abstract     = {Avian influenza viruses of H9N2 subtype are endemic in poultry in Asia and the Middle East. Since 1998, they sporadically have caused dead-end infections in humans and swine. Along with avian H7 and H5 influenza viruses, H9N2 is in the top-3 of the world health organization’s list of pandemic influenza virus candidates. On the other hand, the 2009 pandemic H1N1 (pH1N1) virus originated from and has become endemic in swine. Its internal gene cassette has extensively reassorted with established swine influenza viruses all over the world. This pH1N1 internal gene cassette appears to be highly compatible with the surface protein genes of H9N2. This finding has raised concerns about the possible emergence of H9N2 reassortants with public health implications in swine. Moreover, such reassortant viruses showed increased replication and transmissibility in the mouse and ferret model of influenza. The few studies in pigs have also suggested improved fitness of the reassortants as compared to the parental H9N2 virus. We aimed to evaluate if a reassortant H9N2 virus could become better adapted to pigs by serial passaging. To investigate this we performed pig transmission experiments with four different viruses: a reassortant virus containing A/Quail/Hong Kong/G1/97 (H9N2) surface genes and A/California/04/09 (pH1N1) internal genes; another reassortant virus with the same gene constellation that had undergone seven passages in pigs and both parental viruses, H9N2 and pH1N1. Replication efficiency in the porcine lower respiratory tract was minimal for the reassortant H9N2 virus, enhanced for the wholly avian H9N2 virus and greatest for the pig-passaged H9N2 reassortant, with 0, 55 and 93% of the lower respiratory tract samples testing positive for the respective viruses. In pig transmission studies, pH1N1 was excreted in high amounts by all three directly inoculated pigs and six out of six direct contact pigs (mean area under the curve (AUC) for the direct contact pigs of 19,7). In contrast, none of the contact pigs shed high amounts of the parental H9N2 or the original H9N2 reassortant virus (means AUC 3,0 and 4,7, respectively), pointing to inefficient virus transmission. Remarkably, the pig-passaged reassortant was excreted in high titers by four out of six contact animals, with a mean AUC of 16,1. The genetic analysis of the reassortant viruses, to identify which mutations appeared during serial passaging allowing enhanced transmission, is still pending. Our findings confirm that avian H9N2 surface genes are compatible with pH1N1 internal gene cassette, that pigs could serve as suitable intermediate host for the adaptation of reassortant H9N2 virus to mammals, and thus pose a risk of becoming pandemic in humans.},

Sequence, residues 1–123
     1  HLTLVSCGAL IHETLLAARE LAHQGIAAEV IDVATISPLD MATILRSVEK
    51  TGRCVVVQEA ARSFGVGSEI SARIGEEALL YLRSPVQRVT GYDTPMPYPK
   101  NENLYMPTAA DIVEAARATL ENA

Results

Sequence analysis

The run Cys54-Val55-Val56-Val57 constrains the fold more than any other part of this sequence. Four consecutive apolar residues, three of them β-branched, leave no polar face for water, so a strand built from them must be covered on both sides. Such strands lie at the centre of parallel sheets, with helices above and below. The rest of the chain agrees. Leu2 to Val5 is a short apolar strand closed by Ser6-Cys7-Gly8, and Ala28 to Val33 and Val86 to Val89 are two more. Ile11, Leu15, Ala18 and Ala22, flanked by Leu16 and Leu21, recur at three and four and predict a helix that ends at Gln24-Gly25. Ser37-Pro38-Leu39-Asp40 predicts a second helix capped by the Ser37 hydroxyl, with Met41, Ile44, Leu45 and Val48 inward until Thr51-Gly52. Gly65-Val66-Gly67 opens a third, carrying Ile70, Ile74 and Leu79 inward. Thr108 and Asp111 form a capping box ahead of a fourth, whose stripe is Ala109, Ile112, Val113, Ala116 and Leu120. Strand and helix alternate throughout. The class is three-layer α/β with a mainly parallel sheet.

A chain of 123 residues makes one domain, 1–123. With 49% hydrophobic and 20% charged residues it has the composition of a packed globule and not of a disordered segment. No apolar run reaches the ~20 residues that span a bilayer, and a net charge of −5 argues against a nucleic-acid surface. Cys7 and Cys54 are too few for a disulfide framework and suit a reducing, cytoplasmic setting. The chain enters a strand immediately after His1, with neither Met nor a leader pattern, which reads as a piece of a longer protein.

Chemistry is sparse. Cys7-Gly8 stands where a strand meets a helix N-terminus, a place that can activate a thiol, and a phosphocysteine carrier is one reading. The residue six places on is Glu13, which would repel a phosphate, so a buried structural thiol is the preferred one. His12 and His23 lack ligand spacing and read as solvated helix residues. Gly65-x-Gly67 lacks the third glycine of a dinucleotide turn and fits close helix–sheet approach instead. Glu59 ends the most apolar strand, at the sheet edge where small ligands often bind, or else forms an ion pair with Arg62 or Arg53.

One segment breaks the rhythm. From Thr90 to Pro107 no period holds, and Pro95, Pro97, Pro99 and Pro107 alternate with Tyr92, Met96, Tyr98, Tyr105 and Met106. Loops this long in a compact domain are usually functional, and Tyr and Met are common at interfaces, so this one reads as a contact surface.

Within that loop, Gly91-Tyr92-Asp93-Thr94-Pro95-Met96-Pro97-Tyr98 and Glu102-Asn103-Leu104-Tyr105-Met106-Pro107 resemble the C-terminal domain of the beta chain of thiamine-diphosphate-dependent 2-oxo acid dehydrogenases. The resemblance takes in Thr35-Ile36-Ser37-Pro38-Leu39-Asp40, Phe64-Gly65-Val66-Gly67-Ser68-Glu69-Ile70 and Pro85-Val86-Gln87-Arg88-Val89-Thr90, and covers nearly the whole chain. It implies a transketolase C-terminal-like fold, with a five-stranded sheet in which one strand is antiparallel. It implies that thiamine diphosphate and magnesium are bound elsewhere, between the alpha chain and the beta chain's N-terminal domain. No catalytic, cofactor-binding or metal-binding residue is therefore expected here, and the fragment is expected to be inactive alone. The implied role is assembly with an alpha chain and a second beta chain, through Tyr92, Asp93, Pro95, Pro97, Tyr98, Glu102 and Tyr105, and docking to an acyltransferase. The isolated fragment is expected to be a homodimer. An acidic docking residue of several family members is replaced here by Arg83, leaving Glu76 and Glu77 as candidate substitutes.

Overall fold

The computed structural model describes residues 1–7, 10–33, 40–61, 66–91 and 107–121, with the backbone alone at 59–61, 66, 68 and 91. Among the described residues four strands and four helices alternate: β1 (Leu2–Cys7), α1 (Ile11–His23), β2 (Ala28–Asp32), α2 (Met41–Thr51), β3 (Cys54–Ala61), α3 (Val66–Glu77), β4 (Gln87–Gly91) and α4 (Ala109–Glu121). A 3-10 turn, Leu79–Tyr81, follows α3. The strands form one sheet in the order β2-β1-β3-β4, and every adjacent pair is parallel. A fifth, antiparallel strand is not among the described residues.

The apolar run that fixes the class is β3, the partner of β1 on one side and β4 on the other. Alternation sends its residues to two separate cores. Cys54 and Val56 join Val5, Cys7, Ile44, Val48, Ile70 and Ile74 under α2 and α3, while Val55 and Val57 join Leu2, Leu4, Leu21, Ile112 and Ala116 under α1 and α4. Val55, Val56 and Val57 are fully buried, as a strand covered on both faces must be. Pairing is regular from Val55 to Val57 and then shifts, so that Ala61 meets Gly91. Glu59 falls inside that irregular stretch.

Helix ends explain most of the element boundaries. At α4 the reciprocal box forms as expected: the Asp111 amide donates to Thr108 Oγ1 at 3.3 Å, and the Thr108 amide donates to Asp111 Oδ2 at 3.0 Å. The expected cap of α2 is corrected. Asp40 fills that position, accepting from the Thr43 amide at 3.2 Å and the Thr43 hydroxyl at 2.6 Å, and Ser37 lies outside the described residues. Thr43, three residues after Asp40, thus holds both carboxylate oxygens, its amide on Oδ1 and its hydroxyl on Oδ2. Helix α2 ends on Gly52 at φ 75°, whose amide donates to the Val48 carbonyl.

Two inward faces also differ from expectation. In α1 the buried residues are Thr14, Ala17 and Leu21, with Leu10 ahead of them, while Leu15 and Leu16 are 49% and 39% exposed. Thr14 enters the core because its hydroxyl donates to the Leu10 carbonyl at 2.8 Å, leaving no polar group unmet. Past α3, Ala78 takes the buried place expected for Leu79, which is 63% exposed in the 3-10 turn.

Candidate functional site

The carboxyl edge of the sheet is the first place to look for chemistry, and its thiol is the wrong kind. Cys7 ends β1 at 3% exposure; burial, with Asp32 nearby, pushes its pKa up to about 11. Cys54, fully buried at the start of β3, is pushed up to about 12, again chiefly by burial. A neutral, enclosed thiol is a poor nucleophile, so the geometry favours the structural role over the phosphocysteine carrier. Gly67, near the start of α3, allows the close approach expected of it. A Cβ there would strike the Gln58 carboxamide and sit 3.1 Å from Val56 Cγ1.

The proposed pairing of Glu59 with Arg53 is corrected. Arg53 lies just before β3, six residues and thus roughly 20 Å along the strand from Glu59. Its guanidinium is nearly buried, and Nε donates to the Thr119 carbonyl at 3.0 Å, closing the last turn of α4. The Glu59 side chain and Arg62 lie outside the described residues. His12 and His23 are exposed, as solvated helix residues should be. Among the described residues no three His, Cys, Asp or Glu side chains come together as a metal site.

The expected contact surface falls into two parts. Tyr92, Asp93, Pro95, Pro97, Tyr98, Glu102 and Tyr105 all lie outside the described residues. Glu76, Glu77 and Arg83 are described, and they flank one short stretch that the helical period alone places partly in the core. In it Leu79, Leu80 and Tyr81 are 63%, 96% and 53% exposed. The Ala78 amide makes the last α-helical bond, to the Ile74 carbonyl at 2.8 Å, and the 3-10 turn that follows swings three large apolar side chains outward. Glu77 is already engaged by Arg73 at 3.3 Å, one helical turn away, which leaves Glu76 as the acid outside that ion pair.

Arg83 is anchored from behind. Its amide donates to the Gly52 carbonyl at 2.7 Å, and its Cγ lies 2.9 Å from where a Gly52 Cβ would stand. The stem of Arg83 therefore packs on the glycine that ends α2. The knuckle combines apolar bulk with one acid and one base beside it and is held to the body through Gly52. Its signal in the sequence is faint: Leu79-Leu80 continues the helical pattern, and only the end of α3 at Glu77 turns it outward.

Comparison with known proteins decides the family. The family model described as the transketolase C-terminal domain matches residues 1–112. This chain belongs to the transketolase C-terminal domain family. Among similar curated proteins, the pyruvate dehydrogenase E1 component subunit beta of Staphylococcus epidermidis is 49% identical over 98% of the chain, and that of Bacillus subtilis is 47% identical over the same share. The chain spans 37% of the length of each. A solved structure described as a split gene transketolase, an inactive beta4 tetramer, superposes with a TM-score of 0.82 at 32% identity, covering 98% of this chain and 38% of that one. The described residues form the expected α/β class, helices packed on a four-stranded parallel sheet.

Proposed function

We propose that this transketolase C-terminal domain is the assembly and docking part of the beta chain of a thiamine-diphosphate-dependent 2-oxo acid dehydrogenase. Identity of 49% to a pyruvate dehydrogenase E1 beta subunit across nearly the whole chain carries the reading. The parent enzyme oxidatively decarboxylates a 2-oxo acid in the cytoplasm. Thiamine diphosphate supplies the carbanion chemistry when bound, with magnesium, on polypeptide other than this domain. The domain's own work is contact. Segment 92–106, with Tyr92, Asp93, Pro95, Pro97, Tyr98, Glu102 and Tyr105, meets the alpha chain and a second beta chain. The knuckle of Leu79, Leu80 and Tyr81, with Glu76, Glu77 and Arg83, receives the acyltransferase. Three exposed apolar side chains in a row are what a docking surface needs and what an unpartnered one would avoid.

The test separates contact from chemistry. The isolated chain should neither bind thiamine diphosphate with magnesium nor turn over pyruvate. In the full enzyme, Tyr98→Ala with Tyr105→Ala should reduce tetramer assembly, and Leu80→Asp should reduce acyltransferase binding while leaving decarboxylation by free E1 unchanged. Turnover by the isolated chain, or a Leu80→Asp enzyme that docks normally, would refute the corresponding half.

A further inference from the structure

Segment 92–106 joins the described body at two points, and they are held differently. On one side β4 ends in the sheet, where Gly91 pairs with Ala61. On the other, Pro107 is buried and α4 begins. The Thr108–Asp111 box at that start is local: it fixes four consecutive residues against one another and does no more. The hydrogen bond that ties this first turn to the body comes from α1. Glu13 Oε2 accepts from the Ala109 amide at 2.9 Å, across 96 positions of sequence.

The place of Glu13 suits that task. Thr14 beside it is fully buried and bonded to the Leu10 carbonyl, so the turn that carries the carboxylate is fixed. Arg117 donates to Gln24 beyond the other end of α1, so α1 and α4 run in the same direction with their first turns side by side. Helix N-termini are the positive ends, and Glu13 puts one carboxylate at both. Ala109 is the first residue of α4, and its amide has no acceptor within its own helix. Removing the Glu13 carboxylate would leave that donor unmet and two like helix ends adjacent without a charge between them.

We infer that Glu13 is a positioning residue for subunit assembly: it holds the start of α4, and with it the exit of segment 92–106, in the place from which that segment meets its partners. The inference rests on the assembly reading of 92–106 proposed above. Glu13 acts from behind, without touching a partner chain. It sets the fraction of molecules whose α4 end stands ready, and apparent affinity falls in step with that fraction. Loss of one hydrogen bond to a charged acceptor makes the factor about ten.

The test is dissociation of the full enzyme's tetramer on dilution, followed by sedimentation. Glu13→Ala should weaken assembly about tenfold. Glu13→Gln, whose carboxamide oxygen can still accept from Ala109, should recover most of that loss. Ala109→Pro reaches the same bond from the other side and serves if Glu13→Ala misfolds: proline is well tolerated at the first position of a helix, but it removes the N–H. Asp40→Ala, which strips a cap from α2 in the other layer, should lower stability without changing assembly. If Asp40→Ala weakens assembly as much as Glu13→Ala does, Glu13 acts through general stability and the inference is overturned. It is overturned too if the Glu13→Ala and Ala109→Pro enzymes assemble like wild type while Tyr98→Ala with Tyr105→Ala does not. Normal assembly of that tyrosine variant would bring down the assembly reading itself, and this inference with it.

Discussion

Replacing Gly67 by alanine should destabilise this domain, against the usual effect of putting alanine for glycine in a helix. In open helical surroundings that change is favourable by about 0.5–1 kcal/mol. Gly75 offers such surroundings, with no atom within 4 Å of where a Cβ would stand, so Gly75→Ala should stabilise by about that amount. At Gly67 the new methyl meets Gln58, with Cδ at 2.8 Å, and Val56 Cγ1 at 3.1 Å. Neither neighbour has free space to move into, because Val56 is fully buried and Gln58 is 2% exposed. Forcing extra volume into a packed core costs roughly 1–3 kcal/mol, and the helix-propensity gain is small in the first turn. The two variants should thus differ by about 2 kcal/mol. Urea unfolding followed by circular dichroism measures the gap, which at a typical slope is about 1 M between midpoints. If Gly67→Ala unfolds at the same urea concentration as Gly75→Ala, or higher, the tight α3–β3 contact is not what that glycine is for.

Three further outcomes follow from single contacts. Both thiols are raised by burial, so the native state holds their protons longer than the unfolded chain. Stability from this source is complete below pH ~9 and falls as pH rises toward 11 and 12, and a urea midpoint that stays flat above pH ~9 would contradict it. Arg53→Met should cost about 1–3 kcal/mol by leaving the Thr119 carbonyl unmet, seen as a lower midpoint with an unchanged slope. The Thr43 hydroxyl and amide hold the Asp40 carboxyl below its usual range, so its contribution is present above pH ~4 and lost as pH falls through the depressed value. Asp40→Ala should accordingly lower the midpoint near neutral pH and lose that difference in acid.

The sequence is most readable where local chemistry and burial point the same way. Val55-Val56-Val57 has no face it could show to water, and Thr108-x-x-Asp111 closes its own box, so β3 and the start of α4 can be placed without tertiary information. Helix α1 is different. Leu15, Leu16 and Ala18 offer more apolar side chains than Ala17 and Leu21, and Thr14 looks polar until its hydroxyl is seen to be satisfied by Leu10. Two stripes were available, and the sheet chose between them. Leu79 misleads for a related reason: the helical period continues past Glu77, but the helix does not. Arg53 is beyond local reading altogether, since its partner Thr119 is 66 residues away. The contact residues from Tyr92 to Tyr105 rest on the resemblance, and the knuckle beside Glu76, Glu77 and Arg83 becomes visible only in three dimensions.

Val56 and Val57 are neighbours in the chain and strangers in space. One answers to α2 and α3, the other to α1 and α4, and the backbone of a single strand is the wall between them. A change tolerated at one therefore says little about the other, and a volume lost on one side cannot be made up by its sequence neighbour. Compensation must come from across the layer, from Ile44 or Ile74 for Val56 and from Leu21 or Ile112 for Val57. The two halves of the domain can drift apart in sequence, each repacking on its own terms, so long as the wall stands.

articleno    = {abstract 35},
  author       = {Mancera Gracia, José Carlos and Van Reeth, Kristien},
  booktitle    = {Third annual meeting Belgian Society for Virology},
  language     = {eng},
  location     = {Brussels, Belgium},
  title        = {Enhanced pig-to-pig transmission of a reassortant H9N2 influenza virus containing 2009 pandemic H1N1 internal genes by serial passaging in pigs},
  url          = {http://www.dmipfmv.ulg.ac.be/vetimmuno/i/Dec18ProgramAbstractBook.pdf},
  year         = {2015},
}